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Charlie Gard’s hospital ‘immorally’ usurps parental rights: Catholic bioethicist

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SIGN THE PETITION: Support Charlie Gard, forced off life support by judge

July 11, 2017 (LifeSiteNews) – The president of the National Catholic Bioethics Center said Great Ormond Street Hospital and European courts have "immorally usurped" the rights of Charlie Gard's parents to make his medical decisions. 

Dr. John Haas said in a new interview that Catholic teaching is clear that patients or their proxies have the right to make decisions about whether to continue extraordinary treatment.

"In this case, the parents of Charlie" are his proxy, Haas told the National Catholic Register. "If the parents had actually become abusive of the child, custody could be removed from them and the child would become a ward of the state with the state making decisions on its behalf. But that is not the case here."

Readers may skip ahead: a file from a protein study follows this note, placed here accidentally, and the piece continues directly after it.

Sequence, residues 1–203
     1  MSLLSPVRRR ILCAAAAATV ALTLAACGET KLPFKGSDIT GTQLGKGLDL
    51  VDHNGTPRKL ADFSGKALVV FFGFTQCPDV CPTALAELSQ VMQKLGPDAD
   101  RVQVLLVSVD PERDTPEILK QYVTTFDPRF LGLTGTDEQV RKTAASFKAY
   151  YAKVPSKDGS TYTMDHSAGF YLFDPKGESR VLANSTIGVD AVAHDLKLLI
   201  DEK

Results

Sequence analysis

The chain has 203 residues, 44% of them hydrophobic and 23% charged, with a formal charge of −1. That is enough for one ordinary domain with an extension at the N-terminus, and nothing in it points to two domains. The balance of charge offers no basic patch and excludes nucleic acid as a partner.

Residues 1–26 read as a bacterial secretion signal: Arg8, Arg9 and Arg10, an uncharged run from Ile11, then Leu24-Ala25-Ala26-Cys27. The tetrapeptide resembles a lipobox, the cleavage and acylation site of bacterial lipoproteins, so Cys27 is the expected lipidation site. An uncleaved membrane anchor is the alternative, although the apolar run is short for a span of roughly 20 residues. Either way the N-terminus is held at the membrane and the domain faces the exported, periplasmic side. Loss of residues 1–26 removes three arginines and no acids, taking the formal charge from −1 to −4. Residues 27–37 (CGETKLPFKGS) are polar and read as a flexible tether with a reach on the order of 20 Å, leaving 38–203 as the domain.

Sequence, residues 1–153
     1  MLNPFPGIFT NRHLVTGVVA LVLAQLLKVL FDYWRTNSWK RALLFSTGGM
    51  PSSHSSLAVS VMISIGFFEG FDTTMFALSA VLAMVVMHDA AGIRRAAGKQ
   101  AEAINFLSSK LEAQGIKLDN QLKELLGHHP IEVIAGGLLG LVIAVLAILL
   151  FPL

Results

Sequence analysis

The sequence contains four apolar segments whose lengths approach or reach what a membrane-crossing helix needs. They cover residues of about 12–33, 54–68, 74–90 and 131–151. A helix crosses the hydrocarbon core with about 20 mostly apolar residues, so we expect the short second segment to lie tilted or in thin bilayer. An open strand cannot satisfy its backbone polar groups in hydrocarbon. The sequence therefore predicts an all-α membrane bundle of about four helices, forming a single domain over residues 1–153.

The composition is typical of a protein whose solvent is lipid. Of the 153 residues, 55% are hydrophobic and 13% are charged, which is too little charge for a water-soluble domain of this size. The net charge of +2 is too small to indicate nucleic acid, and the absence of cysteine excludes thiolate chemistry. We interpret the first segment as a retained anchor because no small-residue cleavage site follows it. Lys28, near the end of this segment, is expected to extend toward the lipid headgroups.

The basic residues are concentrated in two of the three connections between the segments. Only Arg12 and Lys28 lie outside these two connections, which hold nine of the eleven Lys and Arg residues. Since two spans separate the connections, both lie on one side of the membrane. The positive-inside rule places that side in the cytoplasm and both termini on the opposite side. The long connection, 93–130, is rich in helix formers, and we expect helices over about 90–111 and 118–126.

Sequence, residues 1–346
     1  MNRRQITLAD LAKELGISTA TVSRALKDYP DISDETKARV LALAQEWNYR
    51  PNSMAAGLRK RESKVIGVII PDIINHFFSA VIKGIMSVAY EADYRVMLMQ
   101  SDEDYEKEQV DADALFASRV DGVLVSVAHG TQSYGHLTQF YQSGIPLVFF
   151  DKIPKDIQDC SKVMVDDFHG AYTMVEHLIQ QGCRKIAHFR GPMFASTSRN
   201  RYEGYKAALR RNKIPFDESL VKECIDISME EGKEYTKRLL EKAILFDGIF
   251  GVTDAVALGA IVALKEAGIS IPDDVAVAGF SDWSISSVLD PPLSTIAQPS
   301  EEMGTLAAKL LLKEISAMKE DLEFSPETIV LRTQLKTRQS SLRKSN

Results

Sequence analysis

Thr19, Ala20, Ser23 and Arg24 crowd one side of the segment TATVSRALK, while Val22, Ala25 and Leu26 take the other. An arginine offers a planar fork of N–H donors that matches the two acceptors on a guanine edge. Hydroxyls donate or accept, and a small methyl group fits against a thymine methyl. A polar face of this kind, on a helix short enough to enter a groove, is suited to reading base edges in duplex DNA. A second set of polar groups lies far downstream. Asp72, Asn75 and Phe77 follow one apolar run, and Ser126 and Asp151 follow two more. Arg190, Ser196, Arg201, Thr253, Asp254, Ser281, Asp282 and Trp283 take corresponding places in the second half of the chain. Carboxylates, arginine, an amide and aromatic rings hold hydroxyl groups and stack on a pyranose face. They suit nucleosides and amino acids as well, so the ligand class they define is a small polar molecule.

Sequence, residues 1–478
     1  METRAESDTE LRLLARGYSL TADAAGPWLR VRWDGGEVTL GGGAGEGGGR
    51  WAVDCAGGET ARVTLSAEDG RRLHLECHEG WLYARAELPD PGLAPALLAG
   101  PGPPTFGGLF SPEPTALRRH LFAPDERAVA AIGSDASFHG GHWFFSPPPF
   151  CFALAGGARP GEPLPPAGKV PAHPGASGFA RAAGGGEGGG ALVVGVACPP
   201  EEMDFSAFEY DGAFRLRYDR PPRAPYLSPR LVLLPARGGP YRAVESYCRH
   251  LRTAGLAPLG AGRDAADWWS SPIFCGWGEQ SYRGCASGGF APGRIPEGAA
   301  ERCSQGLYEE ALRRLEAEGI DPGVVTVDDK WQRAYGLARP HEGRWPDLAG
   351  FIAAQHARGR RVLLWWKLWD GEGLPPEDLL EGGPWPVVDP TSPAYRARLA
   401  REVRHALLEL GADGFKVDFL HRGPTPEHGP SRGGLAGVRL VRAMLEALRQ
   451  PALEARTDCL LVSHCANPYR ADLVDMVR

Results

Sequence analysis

Haas noted that the U.S. Catholic bishops' healthcare directives indicate choices about continuing "extraordinary or disproportionate means of preserving life" are the patients' to make.

"It says 'in the patient’s judgment,'" said Haas. "In this case, the proxies for Charlie, his parents," are the ones with the right to make that choice.

In 2006, Pope Benedict XVI made Haas an Ordinary Member of the Pontifical Academy for Life. In June 2010, the pope emeritus named him to the Governing Council of the Academy.

He is one of the world's most well-respected experts on bioethics and Catholic teaching.

European courts determined the parents of Charlie Gard, who has a rare mitochondrial disease, don't have the right to take him elsewhere for continued treatment. Instead, his hospital can decide to turn off his life support against the parents' wishes. 

Pope Francis, President Trump, Vice President Pence, Cher, and a number of other international figures expressed their support for Charlie and his parents. Charlie's mother, Connie, said the support of Pope Francis and Trump have been a major factor in keeping Charlie alive and bringing attention to the case.

The UK High Court will hear new evidence in favor of keeping Charlie alive on Thursday. 



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